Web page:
Chalabi, a Complex Hero, <br>Was a Madisonian Man <br>Who Lived for a Free Iraq
This article is from the archive of The New York Sun before the launch of its new website in 2022. The Sun has neither altered nor updated such articles but will seek to correct any errors, mis-categorizations or other problems introduced during transfer.
The death of Ahmad Chalabi, coming as it does when some American politicians are airing their regrets about the 2003 expedition to topple Saddam Hussein, is a moment to reflect on what might have been. Chalabi was the leading tribune of the idea of a free and democratic Iraq. My own view is that we heeded him too little.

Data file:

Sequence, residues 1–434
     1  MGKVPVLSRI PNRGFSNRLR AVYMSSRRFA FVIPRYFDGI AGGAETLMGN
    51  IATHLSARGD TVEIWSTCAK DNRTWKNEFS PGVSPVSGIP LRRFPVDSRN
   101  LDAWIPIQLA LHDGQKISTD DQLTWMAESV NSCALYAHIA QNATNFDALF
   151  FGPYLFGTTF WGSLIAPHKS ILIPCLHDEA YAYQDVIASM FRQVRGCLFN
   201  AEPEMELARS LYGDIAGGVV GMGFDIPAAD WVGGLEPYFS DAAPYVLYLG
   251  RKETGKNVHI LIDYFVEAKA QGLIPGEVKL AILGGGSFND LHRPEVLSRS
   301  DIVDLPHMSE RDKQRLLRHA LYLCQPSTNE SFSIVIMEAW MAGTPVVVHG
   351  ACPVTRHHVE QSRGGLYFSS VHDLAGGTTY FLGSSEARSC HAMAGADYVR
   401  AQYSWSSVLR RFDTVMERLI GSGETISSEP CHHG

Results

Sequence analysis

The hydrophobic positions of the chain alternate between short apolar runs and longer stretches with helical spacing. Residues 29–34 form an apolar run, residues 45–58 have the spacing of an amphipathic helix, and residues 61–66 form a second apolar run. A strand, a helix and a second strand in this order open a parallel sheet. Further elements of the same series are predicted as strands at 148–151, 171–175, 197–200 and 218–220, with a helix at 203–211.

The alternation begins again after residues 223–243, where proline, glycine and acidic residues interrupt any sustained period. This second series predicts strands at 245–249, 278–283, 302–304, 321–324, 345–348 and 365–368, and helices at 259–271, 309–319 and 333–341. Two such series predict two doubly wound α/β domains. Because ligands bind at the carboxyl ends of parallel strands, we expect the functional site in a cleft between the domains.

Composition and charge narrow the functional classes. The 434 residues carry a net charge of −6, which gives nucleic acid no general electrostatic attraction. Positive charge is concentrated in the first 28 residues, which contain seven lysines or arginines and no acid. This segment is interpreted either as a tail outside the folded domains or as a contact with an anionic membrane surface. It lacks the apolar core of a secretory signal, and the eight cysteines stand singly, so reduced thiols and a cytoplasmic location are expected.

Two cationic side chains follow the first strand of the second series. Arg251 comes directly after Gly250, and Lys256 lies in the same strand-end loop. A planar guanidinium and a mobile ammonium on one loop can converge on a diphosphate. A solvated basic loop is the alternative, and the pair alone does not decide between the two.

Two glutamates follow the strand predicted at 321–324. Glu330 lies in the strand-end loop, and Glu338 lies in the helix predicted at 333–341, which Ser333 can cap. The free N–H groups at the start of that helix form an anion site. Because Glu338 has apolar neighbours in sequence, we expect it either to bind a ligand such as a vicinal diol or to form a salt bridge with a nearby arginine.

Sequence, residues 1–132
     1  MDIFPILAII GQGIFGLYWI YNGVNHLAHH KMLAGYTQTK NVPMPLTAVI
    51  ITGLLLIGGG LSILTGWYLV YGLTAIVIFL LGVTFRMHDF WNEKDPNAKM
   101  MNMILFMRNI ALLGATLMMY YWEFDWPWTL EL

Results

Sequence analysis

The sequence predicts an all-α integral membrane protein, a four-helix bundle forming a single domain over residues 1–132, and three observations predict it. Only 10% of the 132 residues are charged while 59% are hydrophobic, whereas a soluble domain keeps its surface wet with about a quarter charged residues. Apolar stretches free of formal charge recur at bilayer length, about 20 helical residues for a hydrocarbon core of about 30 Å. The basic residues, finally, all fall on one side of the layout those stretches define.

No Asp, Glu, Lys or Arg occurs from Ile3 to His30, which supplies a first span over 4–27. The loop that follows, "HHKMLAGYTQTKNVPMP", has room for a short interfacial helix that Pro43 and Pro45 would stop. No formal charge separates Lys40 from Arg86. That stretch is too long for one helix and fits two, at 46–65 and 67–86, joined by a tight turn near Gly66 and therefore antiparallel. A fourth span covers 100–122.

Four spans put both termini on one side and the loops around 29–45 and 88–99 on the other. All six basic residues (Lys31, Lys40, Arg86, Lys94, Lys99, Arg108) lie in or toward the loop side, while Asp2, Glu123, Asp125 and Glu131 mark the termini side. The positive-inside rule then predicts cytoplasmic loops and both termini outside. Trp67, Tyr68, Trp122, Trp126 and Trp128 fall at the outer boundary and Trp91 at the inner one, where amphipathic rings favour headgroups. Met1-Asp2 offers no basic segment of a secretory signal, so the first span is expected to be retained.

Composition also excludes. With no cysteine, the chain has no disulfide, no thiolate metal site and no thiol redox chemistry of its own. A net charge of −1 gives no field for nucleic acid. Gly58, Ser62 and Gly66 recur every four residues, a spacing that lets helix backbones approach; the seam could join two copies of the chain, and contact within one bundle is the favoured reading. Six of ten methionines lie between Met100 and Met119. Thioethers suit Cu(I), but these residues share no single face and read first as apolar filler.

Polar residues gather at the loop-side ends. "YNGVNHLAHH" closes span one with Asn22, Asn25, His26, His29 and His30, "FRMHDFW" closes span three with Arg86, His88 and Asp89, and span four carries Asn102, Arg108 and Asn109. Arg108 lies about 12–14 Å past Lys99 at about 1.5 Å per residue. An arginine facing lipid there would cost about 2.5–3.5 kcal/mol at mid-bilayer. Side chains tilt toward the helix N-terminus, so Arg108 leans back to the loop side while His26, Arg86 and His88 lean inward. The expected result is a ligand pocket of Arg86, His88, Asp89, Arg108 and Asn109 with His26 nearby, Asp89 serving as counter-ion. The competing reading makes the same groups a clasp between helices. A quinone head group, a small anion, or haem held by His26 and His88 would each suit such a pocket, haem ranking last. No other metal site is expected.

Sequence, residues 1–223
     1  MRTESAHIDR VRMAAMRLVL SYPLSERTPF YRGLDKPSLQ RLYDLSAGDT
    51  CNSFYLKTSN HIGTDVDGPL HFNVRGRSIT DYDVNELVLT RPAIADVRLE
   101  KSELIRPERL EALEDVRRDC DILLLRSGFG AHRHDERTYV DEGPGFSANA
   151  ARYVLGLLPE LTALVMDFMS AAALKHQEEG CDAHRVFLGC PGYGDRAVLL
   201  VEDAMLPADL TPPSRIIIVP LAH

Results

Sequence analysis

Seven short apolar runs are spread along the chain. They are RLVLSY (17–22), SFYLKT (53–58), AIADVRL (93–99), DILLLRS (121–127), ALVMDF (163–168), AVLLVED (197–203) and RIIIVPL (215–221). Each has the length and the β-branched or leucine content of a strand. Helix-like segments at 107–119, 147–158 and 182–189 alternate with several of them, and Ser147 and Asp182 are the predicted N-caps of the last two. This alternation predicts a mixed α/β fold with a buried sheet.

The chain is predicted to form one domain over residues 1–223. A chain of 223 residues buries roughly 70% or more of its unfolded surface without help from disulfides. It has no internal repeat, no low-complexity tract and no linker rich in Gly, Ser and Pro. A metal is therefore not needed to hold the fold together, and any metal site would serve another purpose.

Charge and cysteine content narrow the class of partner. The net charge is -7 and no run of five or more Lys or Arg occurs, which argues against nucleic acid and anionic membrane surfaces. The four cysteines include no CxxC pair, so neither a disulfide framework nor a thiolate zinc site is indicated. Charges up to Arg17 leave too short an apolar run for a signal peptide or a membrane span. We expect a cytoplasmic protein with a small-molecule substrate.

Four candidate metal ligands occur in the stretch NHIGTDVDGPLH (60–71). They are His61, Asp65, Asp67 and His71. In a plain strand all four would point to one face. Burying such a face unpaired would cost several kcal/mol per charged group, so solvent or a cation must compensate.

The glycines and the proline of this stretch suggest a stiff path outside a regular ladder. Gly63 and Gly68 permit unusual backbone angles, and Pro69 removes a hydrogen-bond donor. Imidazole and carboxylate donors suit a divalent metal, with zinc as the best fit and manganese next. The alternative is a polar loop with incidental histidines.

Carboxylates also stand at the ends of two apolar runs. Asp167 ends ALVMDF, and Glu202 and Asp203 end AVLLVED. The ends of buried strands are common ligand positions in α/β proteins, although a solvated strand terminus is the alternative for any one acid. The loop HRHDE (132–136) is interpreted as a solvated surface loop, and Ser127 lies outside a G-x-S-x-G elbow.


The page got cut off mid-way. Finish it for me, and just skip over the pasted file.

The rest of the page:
Chalabi, who died Tuesday of a heart attack at his family compound in Baghdad, came from a wealthy Shiite clan. He was educated at the Massachusetts Institute of Technology and the University of Chicago, where he came to believe in free-market economics and Madisonian principles of governance.
Any posthumous suggestion that Chalabi was a worthy advocate of these ideas — never mind as a candidate actually to lead a free Iraq — is already being ridiculed on the left. Yet there are those of us who have never wavered in our admiration for him, even if he was a complex figure. . . .
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